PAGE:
One of the things that FileStore brings to the table is that as it’s running standard Linux O/S services. This means other Symantec functionality can also be hosted on FileStore nodes. The first Symantec service to be co-hosted with FileStore functionality is NetBackup Advanced Client services. Such a service can have the FileStore node act as a media server for it’s own backup cutting network traffic required to do a backup considerably.

FileStore also supports storage tiering whereby files can be demoted and promoted between storage tiers in the multi-volume file system. Also, Symantec EndPoint Protection can be hosted on a FileStore node provided anti-virus protection completely onboard. Other Symantec capabilities will soon follow to add to the capabilities already available.

FileStore’s NFS performance

Regarding performance, Symantec has submitted a 12 node FileStore system for SPECsfs2008 NFS performance benchmark. I looked today to see if it was published yet and it’s not available but they claim to currently be the top performer for SPECsfs2008 NFS operations. I asked about CIFS and they said they had yet to submit one. Also they didn’t mention what the backend storage looked like for the benchmark, but one can assume it had lots of drives (look to the SPECsfs2008 report whenever it’s published to find out).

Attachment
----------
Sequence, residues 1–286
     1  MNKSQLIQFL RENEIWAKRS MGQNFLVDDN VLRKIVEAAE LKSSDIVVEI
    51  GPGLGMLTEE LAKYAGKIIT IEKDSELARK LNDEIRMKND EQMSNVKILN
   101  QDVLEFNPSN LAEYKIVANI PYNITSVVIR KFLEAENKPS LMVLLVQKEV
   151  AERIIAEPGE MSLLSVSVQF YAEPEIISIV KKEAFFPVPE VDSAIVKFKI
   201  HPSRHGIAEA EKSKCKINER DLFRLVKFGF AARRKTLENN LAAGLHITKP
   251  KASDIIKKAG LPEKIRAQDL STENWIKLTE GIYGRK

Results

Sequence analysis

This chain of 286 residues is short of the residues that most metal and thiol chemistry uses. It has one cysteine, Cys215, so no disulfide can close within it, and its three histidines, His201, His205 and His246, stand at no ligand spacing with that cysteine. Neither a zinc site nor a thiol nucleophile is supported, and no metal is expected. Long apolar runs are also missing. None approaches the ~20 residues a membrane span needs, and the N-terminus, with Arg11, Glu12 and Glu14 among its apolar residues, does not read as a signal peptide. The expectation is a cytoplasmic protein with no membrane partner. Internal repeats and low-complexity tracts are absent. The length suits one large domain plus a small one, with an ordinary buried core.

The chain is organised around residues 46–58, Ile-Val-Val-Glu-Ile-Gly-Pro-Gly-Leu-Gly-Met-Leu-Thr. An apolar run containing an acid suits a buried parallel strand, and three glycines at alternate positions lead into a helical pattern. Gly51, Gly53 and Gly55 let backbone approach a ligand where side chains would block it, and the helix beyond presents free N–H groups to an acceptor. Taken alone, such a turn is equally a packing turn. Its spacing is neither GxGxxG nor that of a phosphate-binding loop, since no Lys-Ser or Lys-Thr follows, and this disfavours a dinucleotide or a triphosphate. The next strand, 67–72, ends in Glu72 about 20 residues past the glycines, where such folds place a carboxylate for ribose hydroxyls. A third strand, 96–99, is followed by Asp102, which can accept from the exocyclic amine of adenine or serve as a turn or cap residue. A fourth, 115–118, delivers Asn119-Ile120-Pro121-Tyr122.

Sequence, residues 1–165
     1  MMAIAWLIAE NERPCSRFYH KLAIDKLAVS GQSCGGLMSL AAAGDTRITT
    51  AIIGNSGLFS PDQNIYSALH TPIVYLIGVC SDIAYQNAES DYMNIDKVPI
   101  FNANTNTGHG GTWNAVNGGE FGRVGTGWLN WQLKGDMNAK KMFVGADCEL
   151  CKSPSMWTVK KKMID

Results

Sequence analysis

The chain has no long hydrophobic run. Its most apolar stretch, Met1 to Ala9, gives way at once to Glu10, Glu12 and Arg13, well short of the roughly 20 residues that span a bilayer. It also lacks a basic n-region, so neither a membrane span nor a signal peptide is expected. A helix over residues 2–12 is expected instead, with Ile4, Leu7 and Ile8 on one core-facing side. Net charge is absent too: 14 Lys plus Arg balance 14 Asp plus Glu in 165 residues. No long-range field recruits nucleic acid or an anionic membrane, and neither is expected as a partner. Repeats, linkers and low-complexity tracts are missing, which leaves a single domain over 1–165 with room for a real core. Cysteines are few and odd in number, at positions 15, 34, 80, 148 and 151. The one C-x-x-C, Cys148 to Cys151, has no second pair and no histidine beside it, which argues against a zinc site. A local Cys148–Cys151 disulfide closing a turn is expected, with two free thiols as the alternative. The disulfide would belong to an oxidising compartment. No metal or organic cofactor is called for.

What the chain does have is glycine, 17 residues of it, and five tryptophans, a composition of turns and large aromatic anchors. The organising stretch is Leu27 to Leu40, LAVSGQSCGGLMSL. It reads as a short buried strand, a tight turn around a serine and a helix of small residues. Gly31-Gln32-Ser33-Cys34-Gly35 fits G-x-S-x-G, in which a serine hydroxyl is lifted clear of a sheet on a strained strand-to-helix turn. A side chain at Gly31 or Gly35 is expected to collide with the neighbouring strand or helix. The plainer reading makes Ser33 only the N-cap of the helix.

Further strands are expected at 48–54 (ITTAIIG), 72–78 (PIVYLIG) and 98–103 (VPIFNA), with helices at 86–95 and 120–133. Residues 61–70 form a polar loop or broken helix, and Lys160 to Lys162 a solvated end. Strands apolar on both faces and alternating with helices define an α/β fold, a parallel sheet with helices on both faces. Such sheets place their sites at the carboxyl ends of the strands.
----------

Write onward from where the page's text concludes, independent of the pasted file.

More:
In their presentation they showed a chart depicting FileStore performance scaleability. According to this chart, at 16 nodes, the actual NFS Ops performance was 93% of theoretical NFS Ops performance. In my view, scaleability is great but often as you approach some marginal utility as the number of nodes increases, the net performance improvement decreases. The fact that they were able to hit 93% with 16 nodes of what a linear extrapolation of NFS ops performance was from 2 to 8 nodes is pretty impressive. (I asked to show the chart but hadn’t heard back by post time